One piece of advice on packing that crops up from time to time is to take half the luggage and twice the cash. Again, this is something I can't apply quite so easily. I'm already taking all my cash as well as all my luggage. While the idea of traveling with just one bag sounds great, I'd rather carry it with me than re-buy things when I arrive in a new place. There are things that I tend to ditch when leaving a place. One is a fluffy bathroom towel. I travel with a Lifeventure travel towel that folds to about the size of a t-shirt, but I find that it doesn't do the job quite as well as a good fluffy cotton towel. These I buy once I'm more settled in. I traveled to Thailand without an umbrella and bought one once I was there. I brought it with me to Korea, but it has since fallen apart. Given the small size and the incredible difficulty in finding an umbrella when you really need one, I'll continue to pack one.
There is something that I want to take away from Tim's advice on packing light, and that is to allocate a certain amount of cash to be used as a settling fund, to buy the things you need once you're sure you'll need them. I think this is a great piece of advice as I'm guilty of buying things in the build-up to a trip that I think I'll need but end up never using. Most things you think you'll need (mosquito netting, personal airline seat cover, hiking boots) either don't see any action or are cheap and readily available at your destination. You might want to do a little research before hand about the availability of certain items in the country you're going to just so you don't get caught out. A surprise for me was despite the massive number of hikers in Korea, decent camping equipment is expensive and not too readily available.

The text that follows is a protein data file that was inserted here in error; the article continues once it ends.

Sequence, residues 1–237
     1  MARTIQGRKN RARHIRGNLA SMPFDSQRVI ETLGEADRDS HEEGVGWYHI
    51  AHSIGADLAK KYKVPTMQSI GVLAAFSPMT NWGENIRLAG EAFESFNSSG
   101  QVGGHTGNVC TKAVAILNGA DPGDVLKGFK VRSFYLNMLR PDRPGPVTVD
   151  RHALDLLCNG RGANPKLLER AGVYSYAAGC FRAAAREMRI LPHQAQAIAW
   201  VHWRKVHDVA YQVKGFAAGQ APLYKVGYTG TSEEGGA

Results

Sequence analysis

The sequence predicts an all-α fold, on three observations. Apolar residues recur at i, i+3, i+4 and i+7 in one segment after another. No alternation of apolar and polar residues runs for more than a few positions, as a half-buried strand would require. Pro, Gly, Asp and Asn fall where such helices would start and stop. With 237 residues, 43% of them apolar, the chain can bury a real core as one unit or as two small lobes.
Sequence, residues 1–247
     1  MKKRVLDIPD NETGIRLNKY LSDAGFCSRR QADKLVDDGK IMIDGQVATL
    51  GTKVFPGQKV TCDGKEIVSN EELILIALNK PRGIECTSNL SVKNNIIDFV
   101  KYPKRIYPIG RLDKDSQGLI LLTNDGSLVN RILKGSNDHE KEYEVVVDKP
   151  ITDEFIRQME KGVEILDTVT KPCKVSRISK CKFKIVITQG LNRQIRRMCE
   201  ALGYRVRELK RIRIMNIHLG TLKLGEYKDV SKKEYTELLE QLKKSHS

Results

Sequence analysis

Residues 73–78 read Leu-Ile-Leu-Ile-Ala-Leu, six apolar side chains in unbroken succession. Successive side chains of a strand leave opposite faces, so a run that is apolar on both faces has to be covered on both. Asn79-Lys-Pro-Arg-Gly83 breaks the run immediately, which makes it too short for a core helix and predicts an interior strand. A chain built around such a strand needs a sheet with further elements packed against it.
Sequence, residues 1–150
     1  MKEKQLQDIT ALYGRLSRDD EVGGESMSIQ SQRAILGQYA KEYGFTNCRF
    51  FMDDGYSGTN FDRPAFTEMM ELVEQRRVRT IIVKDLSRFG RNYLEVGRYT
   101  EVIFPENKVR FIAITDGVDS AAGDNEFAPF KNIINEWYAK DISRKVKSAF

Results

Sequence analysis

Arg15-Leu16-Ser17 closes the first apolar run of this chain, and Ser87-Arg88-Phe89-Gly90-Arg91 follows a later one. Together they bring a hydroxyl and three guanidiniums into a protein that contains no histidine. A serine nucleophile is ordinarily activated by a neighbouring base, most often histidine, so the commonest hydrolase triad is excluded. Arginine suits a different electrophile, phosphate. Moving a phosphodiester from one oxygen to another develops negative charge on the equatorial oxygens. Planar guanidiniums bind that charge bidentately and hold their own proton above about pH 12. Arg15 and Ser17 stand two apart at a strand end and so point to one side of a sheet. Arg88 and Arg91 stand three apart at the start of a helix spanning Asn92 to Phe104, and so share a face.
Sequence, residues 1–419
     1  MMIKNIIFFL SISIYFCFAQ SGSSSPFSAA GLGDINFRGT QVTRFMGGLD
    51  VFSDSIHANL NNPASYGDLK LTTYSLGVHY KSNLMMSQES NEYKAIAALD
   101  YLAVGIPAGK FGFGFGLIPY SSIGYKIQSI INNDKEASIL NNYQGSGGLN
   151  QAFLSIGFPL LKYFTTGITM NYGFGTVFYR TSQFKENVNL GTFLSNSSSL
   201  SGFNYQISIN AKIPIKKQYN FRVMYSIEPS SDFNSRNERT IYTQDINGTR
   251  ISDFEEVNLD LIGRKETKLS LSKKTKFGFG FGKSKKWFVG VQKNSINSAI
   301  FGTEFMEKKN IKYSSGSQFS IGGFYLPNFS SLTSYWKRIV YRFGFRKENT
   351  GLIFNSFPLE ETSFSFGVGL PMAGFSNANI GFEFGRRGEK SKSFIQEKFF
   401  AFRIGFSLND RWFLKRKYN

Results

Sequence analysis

Tuesday, August 3, 2010

Two Years, Six Countries

South Korea (August)